Title: Water Supply Challenges and Solutions of the Ancient City of Pergamon Authors
|Garbrecht, Gunther - RETIRED|
Submitted to: Research Day Abstracts: Regional Universities Research Day
Publication Type: Abstract Only
Publication Acceptance Date: July 1, 2005
Publication Date: September 1, 2005
Citation: Garbrecht, J.D., Garbrecht, G. 2005. Water supply challenges and solutions of the ancient city of pergamon [abstract]. Oklahoma Water Conference, Oklahoma State University, September 27-28, 2005, Stillwater, Oklahoma. Available at: http://environ.okstate.edu/okwater/index.htm Interpretive Summary: Abstract Only.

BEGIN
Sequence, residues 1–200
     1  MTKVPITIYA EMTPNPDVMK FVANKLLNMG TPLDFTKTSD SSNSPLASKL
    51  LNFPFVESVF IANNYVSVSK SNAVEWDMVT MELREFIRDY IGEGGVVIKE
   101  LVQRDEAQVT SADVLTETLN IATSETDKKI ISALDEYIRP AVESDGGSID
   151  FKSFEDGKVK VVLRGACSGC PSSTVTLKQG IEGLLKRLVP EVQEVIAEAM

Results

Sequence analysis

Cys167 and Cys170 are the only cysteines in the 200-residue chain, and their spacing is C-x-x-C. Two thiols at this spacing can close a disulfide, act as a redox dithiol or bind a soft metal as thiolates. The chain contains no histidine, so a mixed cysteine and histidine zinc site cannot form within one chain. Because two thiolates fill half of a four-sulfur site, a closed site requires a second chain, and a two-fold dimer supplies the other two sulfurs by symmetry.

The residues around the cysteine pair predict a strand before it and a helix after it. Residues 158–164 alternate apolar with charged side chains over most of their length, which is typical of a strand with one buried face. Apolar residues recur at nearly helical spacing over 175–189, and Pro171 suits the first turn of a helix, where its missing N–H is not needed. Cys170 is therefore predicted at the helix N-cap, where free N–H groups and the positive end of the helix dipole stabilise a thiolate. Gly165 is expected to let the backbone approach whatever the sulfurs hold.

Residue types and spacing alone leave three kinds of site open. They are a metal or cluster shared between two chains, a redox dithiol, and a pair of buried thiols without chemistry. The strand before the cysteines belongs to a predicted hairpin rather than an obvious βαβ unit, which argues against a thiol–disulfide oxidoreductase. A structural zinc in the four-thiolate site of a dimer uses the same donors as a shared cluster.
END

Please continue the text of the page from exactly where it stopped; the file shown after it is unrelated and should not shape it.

Technical Abstract: The city of Pergamon in western Turkey emerged as a power after the death of Alexander the Great and reached peak cultural and economic development during Hellenistic and Roman times. As early as 200 B.C., water requirements of the city exceeded locally available sources. First, the Greek, then the Romans, accessed and transferred water from far away sources to ensure a safe and reliable municipal water supply. Between 200 and 160 BC, the Greek constructed three pipelines. One of these pipelines contained an inverted siphon that had a pressure head up to about 600 ft. In the 2nd century AD, the Romans built three canals, two in the Kaikos valley and one as a replacement of an earlier Greek pipeline. The longest canal was about 45 miles long. The water supply systems of the City of Pergamon were highly sophisticated and advanced for the times, and the craftsmanship and execution of supporting hydraulic structures were outstanding and deserve our outmost admiration.